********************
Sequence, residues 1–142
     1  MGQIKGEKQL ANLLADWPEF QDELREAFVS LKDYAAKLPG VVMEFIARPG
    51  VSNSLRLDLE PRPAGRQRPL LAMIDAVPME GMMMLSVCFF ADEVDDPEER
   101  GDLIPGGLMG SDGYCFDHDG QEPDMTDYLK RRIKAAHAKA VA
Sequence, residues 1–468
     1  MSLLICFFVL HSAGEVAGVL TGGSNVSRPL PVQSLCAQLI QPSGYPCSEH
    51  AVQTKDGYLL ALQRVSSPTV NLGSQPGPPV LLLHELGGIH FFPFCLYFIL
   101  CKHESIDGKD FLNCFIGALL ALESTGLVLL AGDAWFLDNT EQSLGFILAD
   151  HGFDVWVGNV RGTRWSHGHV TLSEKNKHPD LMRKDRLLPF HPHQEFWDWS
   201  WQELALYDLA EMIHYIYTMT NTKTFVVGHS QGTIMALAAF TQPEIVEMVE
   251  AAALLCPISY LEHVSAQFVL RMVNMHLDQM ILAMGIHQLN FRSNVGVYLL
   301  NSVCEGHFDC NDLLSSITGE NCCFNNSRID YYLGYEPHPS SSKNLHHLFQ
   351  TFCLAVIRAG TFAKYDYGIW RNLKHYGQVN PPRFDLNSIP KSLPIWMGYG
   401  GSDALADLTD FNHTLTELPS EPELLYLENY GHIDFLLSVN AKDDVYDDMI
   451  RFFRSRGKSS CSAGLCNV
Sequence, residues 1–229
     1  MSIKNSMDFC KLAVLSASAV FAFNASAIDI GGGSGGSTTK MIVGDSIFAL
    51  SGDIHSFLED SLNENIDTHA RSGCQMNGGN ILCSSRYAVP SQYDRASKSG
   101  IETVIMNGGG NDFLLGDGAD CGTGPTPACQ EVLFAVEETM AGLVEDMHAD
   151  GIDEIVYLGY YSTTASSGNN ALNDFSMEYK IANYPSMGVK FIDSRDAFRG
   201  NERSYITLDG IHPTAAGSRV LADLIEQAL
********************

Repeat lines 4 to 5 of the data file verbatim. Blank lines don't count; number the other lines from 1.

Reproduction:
   101  GDLIPGGLMG SDGYCFDHDG QEPDMTDYLK RRIKAAHAKA VA
Sequence, residues 1–468